- What personality characteristics do I need to address?
- What am I not giving in this situation that others might need from me?
I slowly started answering these questions and acting differently. Miraculously, or so it seemed, the people and circumstances around me began to change for the better.
Miraculously, or so it seemed, the people and circumstances around me began to change for the better.
Let go of the outcome.
When I first began the process of taking personal responsibility, I had a lot of resistance. Thoughts like, “It’s not my fault” and “Even if I start taking responsibility, nothing will ever change” continued to come up. I felt that if I couldn’t change someone else or “fix” whatever was wrong in my life, then this whole responsibility thing was pointless.
This switched when I developed a peace around the fact that I cannot guarantee a certain outcome. I may be able to influence other people or situations, but I don’t have complete control over anything but myself. It meant, however, that I had to invest in the process. I had to focus on my input and detach myself from the outcome.
For example, I want to have the best relationship possible with my adult child. The problem is, I can’t control the other half of the equation. That sets me up to feel like a failure if it doesn’t happen. Instead, I focus on being the best parent I can be. With this goal, I find peace knowing that I took personal responsibility for doing my part to make the relationship great, which is all I can do. This mindset shift helped me stop putting the weight of the world on my shoulders. I do my part, and the other person is responsible for theirs.
Learning to take personal responsibility.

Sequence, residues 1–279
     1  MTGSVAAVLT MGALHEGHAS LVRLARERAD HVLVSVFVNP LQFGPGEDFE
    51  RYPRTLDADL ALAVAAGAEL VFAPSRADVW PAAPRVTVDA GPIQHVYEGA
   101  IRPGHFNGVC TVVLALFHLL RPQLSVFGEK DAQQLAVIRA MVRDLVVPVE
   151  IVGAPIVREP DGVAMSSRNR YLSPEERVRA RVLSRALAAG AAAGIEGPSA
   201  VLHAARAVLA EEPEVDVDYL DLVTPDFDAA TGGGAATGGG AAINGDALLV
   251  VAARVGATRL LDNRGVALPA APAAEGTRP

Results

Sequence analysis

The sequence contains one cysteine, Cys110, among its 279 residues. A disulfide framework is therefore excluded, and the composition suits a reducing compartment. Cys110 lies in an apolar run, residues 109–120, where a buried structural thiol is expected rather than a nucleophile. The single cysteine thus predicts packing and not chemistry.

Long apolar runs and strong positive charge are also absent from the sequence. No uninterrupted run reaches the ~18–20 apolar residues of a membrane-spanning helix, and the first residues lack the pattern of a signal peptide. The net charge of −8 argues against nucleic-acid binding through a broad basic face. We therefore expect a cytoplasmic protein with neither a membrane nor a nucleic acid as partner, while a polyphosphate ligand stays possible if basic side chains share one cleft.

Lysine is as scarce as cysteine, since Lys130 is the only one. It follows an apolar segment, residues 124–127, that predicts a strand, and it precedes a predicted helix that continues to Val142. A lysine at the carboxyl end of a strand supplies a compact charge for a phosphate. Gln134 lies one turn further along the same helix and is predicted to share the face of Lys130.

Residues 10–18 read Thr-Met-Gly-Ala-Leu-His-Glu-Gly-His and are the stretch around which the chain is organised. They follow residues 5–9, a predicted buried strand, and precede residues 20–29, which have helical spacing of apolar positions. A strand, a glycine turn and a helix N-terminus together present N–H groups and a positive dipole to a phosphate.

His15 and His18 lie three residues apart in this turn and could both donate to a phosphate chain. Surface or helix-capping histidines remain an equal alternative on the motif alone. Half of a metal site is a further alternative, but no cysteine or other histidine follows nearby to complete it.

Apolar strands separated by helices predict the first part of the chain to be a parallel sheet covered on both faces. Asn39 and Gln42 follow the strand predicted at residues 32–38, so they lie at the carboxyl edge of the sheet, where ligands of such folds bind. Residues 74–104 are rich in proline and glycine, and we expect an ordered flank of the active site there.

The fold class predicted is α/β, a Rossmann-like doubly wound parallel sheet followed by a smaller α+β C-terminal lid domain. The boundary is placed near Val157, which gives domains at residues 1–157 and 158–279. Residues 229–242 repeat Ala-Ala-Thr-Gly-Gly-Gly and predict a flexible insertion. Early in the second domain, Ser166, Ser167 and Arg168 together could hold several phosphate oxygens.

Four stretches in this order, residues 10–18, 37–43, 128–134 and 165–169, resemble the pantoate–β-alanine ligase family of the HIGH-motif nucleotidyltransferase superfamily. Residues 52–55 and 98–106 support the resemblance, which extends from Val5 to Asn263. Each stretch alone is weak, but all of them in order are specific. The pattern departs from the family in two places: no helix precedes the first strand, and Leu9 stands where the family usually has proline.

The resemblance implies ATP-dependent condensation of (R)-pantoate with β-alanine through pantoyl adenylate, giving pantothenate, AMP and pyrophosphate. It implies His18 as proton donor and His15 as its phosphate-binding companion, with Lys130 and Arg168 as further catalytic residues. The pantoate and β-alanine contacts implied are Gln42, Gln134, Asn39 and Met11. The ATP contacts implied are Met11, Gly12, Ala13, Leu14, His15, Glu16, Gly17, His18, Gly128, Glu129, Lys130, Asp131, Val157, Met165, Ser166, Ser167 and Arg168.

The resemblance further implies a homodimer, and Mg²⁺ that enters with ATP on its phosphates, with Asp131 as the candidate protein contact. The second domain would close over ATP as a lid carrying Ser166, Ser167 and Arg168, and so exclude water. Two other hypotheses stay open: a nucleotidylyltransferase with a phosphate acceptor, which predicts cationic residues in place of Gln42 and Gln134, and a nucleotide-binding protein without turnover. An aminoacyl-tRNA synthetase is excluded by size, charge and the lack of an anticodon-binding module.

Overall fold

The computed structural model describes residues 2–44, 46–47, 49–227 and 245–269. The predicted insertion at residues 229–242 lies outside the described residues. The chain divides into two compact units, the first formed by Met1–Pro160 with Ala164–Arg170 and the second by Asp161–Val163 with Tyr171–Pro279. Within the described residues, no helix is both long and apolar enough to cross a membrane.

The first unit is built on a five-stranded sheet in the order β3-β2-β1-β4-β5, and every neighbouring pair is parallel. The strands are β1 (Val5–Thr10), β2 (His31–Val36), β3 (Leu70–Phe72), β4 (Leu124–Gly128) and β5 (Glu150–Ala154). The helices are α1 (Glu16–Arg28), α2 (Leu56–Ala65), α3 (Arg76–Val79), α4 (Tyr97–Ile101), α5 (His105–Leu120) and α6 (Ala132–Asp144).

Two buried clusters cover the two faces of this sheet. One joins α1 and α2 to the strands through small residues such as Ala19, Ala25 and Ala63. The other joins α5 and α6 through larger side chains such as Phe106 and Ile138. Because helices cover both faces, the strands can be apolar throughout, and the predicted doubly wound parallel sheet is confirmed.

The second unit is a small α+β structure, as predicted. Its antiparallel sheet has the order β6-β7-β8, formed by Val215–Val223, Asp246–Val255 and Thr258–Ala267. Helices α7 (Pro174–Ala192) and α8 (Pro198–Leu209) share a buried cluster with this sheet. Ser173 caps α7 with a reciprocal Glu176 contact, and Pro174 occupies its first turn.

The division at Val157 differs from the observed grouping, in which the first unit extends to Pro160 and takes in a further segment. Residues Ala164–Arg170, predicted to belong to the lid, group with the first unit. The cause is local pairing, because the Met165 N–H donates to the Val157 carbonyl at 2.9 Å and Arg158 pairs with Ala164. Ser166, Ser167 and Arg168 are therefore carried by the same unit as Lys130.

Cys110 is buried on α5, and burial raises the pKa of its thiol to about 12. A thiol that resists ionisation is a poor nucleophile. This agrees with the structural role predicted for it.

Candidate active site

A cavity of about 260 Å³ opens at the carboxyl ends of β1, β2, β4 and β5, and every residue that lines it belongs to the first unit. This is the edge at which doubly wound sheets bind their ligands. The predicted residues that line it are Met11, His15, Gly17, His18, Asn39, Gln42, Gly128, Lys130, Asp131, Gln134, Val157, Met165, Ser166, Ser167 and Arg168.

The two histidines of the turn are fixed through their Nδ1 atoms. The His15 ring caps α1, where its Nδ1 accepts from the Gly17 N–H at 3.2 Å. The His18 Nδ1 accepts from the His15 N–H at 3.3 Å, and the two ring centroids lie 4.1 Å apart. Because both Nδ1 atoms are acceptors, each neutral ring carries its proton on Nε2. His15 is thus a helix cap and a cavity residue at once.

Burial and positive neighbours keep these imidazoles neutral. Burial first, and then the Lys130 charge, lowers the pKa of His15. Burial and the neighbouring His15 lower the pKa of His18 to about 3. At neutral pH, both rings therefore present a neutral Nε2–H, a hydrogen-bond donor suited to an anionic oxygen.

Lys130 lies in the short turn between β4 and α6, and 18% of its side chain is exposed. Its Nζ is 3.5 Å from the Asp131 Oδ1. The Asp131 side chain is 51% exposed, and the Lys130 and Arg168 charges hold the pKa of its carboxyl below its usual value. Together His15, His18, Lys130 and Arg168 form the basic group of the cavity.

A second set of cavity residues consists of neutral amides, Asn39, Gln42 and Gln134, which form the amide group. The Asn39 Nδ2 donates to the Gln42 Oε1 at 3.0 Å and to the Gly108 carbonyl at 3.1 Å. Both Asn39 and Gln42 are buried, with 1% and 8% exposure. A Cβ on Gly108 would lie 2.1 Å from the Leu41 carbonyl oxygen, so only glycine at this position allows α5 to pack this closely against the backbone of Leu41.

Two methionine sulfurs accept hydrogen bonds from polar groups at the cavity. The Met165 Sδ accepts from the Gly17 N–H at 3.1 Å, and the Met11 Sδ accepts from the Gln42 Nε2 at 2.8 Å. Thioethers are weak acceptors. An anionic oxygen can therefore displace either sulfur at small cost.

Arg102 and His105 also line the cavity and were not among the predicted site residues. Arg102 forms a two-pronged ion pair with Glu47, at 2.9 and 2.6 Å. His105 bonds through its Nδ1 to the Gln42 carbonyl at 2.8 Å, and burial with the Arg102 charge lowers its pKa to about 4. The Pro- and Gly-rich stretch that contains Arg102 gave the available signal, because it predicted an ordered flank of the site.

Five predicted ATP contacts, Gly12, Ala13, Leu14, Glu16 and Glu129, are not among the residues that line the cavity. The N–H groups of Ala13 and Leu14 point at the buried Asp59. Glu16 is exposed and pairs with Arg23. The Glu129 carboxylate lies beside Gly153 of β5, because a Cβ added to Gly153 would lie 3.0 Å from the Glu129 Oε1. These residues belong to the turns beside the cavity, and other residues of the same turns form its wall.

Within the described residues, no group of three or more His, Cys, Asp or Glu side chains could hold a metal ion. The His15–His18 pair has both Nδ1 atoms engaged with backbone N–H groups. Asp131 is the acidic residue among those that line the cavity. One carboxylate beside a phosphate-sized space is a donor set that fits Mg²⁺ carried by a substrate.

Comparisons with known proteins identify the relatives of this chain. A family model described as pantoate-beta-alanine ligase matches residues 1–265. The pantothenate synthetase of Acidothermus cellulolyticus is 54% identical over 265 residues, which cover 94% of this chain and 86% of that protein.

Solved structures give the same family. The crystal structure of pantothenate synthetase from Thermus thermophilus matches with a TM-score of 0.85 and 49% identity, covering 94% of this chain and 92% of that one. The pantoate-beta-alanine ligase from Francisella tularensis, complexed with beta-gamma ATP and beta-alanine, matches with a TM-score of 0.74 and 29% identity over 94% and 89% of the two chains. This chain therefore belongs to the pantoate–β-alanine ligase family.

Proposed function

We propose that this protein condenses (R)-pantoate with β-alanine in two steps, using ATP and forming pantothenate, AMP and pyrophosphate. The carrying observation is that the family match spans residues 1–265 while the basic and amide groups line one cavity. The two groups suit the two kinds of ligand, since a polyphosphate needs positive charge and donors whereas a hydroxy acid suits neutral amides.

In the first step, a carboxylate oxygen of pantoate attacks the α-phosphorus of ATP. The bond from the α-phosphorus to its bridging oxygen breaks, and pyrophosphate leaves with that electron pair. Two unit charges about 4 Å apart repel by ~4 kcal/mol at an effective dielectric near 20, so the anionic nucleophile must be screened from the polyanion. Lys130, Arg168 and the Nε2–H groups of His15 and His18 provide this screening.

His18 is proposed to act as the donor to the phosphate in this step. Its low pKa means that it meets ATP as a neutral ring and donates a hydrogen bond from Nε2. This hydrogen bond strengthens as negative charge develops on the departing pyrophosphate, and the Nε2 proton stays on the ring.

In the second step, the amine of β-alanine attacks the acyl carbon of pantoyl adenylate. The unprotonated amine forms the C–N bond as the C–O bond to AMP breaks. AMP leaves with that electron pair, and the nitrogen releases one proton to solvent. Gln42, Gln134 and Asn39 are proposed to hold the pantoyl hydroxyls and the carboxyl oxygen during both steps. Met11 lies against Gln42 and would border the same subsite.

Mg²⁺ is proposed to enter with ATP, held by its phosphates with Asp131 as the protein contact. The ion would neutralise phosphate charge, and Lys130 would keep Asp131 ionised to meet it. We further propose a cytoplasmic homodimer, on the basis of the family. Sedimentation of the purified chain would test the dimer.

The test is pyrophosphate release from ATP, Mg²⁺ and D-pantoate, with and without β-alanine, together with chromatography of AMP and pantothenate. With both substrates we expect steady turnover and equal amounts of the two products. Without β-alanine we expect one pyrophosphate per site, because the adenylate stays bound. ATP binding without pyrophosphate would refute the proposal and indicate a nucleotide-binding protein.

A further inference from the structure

So, how do we begin to let go of the need to control other people, circumstances, and outcomes, and instead, use that energy to control our own responses, actions, and choices?
- Identify what you want to accomplish, but only use this as a guide. Remember to be detached from the outcome. For example, I might know controlling anger will give me the best chance to fix a broken relationship, but fixing the relationship is not an outcome that I can control because I’m only half of it.
- Set a plan of action. Using the above example, I would identify what triggers my anger and plan out what I will do when that happens the next time. I will take a time out and go for a walk or write in my journal.
- Feel good about yourself for following the process and the effort you’re making. With each victory, each time you take responsibility for your actions, you are becoming who you want to be.
These are simple steps but they aren’t easy. We all want to see positive results of our actions and we want to see them quickly. What I think you’ll find, as I have, is there will be positive change. Even if the outcome is not what you were hoping, you’ll see positive change within yourself as hopelessness and frustration are replaced with peace and empowerment.
With personal responsibility, hopelessness and frustration are replaced with peace and empowerment.